Madeirans ‘long to return home’, says mayor
MADEIRANS should not be ‘forced’ to emigrate to Jersey and more must be done to encourage them to stay and work in their homeland, the head of the island’s capital has said.
Paulo Cafôfo, mayor of Funchal, visited Jersey this week to meet Madeirans, visit their businesses and attend the annual Portuguese Spring Festival held at Jardins de la Mer.
According to the 2011 census, a total of 8,042, or one in 12 (8.2%), of all respondents considered themselves to be Portuguese or Madeiran.
Speaking to Portuguese media while in Jersey, Mr Cafôfo said: ‘It is like being at home, on the streets, in cafés. What we find most are Madeiran people who live here and who have a very large presence, working in various sectors, in hotels, restaurants and public bodies and [they] are crucial for Jersey.
‘This is what we must revert to in Madeira – the region has to make better use of people. Our greatest asset is people and we have to create conditions for those who want to return.
‘We also have to create conditions so that others are not forced, like these, to emigrate. What you notice [from Madeirans living in Jersey] is the longing, the desire to return – no one wants to be here forever. People are here with the purpose of working, but also to be able to return and invest in the region and we must create conditions to do that.’
During his visit, Mr Cafôfo also attended the Barclays Jersey Boat Show, visited businesses owned by Madeirans, including those in the north of town and the Central Market, and he had lunch with St Helier Constable Simon Crowcroft, Senator Sam Mézec and Joao Nunes from the St Helier-Funchal Twinning Committee.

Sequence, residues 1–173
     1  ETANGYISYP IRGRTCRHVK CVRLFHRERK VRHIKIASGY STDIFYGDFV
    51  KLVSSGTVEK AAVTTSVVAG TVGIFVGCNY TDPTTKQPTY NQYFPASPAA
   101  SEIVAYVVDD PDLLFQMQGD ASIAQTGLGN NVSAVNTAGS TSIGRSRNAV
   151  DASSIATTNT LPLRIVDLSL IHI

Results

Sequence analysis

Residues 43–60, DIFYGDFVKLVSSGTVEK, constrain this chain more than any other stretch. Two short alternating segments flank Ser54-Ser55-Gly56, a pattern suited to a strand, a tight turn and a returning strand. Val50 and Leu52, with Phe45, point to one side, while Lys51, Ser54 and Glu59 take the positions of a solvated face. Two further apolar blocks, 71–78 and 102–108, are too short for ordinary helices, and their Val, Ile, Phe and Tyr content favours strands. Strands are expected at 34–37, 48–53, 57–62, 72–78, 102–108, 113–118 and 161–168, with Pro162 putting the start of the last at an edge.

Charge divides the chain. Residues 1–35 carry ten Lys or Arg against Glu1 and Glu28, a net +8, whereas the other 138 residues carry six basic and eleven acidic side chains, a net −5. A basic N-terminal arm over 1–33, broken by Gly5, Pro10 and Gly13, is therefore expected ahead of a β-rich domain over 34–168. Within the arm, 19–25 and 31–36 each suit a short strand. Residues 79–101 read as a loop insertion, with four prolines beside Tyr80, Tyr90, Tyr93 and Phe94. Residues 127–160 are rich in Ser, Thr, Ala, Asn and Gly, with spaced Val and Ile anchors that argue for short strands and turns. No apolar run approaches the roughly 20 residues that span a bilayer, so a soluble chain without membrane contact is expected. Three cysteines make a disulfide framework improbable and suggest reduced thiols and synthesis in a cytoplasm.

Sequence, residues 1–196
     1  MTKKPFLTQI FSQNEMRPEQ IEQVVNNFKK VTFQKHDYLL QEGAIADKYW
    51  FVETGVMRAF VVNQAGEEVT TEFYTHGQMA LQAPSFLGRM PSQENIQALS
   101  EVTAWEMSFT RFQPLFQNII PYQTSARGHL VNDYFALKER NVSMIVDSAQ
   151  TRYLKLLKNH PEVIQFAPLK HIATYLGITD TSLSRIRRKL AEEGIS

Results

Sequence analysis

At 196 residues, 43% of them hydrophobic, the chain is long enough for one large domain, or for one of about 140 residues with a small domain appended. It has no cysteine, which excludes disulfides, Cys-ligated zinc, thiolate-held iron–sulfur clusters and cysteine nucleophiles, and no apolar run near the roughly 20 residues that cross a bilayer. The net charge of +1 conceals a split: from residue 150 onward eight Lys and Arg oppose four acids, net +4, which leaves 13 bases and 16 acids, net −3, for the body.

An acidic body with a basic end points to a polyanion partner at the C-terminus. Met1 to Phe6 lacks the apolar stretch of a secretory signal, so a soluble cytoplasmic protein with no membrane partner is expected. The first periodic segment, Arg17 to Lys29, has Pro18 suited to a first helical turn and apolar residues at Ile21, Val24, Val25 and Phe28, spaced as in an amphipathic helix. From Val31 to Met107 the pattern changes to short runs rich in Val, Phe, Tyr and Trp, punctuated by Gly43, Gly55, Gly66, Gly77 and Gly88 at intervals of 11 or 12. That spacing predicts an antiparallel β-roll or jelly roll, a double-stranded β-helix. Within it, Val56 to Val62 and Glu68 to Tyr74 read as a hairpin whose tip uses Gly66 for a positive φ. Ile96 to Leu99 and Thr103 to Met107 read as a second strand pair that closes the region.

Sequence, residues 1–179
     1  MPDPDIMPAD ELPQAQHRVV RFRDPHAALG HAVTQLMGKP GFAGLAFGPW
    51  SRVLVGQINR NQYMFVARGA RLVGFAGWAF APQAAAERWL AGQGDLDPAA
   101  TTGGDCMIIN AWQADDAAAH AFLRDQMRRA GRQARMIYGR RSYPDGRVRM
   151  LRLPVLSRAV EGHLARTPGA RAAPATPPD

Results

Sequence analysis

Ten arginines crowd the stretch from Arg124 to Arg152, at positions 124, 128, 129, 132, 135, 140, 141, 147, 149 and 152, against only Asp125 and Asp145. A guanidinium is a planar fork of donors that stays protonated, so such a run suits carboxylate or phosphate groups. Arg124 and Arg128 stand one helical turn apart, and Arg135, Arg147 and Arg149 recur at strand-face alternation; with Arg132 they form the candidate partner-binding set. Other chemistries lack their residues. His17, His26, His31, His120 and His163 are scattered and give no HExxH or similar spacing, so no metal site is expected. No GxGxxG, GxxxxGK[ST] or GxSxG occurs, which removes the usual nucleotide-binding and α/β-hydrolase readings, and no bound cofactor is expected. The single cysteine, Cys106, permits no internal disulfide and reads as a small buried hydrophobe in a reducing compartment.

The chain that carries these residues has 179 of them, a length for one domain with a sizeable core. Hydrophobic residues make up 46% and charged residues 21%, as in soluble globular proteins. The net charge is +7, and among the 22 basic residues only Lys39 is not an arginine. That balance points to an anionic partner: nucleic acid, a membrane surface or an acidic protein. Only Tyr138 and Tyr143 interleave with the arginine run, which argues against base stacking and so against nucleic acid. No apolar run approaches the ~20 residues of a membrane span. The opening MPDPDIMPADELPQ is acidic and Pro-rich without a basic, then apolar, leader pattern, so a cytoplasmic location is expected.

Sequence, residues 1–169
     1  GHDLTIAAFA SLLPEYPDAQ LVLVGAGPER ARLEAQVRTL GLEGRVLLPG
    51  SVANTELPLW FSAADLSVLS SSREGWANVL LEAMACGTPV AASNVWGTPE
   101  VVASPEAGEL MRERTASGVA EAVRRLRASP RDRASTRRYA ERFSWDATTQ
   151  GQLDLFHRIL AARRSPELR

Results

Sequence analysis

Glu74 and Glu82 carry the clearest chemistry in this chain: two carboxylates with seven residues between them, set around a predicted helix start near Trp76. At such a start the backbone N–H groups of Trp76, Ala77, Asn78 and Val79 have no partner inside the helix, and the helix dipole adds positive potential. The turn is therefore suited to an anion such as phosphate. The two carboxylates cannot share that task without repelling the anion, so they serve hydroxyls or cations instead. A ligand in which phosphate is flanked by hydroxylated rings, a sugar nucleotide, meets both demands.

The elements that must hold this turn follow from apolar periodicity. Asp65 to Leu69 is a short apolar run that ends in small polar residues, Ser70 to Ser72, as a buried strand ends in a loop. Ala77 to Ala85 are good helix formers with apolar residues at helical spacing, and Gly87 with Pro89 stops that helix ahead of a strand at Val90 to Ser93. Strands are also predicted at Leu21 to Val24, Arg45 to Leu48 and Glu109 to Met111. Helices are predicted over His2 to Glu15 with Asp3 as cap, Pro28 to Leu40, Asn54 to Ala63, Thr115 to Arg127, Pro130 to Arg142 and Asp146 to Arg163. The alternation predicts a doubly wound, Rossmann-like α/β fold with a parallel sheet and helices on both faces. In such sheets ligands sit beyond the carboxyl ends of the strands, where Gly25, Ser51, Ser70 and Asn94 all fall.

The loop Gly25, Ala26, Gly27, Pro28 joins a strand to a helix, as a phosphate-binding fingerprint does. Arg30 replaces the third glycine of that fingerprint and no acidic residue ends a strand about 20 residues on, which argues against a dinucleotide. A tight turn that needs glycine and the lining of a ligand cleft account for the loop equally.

He also met St Helier Deputy Carina Alves, who travelled to Madeira in April to meet the island’s officials.
Pedro Calado, vice-president of Madeira’s regional government, also visited the Island for the Spring Festival and attended a mass at St Thomas’s Church.
He reiterated what Mr Cafôfo had said, adding that although Madeirans were happy living in Jersey, conditions had improved in Madeira.
‘Madeira today offers living conditions so that if they ever want to come back and settle down again [in Madeira], people can do it,’ Mr Calado said.
Speaking about Jersey, he added: ‘It is no longer a centre of emigration for a more rural activity – today we have our very well placed emigrants, who have developed very good businesses.’